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Dupieux can't be the first person to re-inent the rubber tire.

  • Jul 14, 2012
*** out of ****

"Rubber" begins with a car driving through a California desert, obnoxiously knocking over and breaking chairs that are in its way while a skinny man with glasses and a briefcase watches. Out from the trunk of the car emerges a police officer (Stephen Spinella) who proceeds to list movies (such as "E.T" and "The Pianist") that supposedly contain elements of "no reason". The lieutenant then tells us that the film we are about to see is a homage to elements of no reason as well as films that apparently embrace those elements fully. It's not long before the skinny man with glasses shows up on-camera again with about a dozen-or-so pairs of binoculars, which he gives to a group of people that was most likely randomly assembled (since not one person in the group has a single thing in common with another). The man is credited as The Accountant (Jack Plotnick). And at this point, it's not even worth mentioning all the names of the people in the assembled group; although one of them in particular, played by Wings Hauser, reminds me of Clint Eastwood if he was wheelchair bound.

Why were these people brought out to the middle of nowhere (well, the middle of California to be absolutely precise) on this day? With the binoculars they've been given, they shall be viewing a "film". This is a not a film in the traditional sense either. We see it as it unfolds and happens. A black, brand-less car tire comes alive in a junkyard somewhere in the same desert and develops not only the ability to roll about freely but - more importantly - telepathy as well. It blows up bottles, bunnies, crows, and eventually the human head of the maid at a hotel on the side of the road that it decides to settle down at for a while. The tire was led there by a mysterious and beautiful French woman (Roxane Mesquida), whom he lusts after. A young boy notices that the rubber tire is very much alive and dangerous, but nobody will believe him until the thing decides to go on a killing spree.

The film is tricky in the way that it makes us reconsider which element of the film-within-the-film is ACTUALLY the film-within-the-film that it intends to be. Spinella's cop character constantly shifts between the movie that the onlookers are apparently watching, as a character within it, and himself as a commentator on the side. This is where the movie becomes a delightful little mindfuck for some and a tediously pretentious exercise for others. While obviously a homage to B-monster movies, the film can also be interpreted as a commentary on cinematic pretension, but to do that it had to be a little (or a lot) pretentious itself.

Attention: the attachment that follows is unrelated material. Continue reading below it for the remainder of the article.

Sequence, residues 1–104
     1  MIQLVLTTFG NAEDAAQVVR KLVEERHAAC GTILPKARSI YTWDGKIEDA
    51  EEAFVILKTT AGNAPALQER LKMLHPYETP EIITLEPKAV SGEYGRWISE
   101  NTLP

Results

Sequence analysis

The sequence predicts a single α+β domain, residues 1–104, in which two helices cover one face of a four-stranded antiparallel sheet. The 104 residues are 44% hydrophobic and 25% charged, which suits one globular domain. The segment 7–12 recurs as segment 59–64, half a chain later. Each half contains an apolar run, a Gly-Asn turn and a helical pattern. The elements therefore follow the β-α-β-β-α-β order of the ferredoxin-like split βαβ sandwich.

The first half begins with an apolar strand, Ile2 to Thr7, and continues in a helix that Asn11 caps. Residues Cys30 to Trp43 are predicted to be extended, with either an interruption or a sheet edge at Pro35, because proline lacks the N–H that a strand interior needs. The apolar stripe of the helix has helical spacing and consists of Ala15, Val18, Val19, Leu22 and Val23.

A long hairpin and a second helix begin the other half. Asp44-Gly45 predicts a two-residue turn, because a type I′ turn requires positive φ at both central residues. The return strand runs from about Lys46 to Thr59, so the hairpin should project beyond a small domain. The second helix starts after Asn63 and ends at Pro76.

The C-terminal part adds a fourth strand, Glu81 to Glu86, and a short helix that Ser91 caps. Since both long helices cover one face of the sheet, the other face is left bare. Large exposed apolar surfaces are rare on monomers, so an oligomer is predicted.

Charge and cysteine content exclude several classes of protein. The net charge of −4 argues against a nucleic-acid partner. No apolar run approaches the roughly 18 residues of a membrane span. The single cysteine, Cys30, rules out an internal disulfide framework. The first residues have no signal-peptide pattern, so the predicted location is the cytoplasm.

But I find it a strangely entertaining movie. Director/writer/editor/co-scorer (with the help of Gaspard Auge, one half of the band JUSTICE) Quentin Dupieux (perhaps better known by his stage name, Mr. Oizo) has a way with his absurdist humor that I really admire. He isn't afraid to go over-the-top and have his characters break the fourth wall. He's obviously been a fan of deadpan/absurdist humor all his life; and he brings what he's observed into his first feature length film. Its equal parts weird, quirky, and funny. Yes, it sacrifices character depth and a proper narrative structure in the name of comedy; but if you expected finesse in either of those areas when you read the plot synopsis for the film, why the heck did you even bother watching it? "Rubber" lets you know what you're in for within the first five minutes, with its epic and hilarious opening monologue, and if you don't like it, then it lets you know (politely) that it might be in your best interest to stop watching right then and there. Judging by some of the reactions, a lot of people didn't take the hint.

But that's OK. Movies like this, which are pretentious and whimsical, are not to be absorbed and enjoyed by everyone. But I know where I stand. I thought it was a good film with a handful of laughs and memorable sequences. It has the gore and ridiculous nature of the movies it is paying homage to, although even some of the hardcore B-movie aficionados will probably wish it was a bit more straightforward in what it's doing and what it's trying to accomplish. In that sense, it's a mess - a bloody, absurd mess -but I couldn't help but be entertained by the silly charm of it all. One thing I can say for it is that - love or hate it - you won't soon forget it and it probably won't bore you. Personally, I like to watch films like this and then look at all the others being made and wonder why people didn't think of such ingenious ideas before. Surely Dupieux isn't the first one to re-invent the rubber tire. I can't wait to see what's next from him.

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review by . July 08, 2012
posted in Movie Hype
I tend to watch a lot of off-beat and non-mainstream movies. When you do this, you'll come across as much garbage as there was in the trash compactor scene in the original STAR WARS. However, every once in a while you'll uncover a gem. Sometimes, you'll uncover a really unusual movie that's really not all that great, but is so unusual that the very oddity and absurdity of it makes it stand out and worth watching through. RUBBER is one of those movies.      RUBBER …
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Ryan J. Marshall ()
Ranked #11
It's very likely that the only kind of reviews I'll ever post here are movie reviews. I'm very passionate about film; and at this point, it pretty much controls my life. Film gives us a purpose; … more
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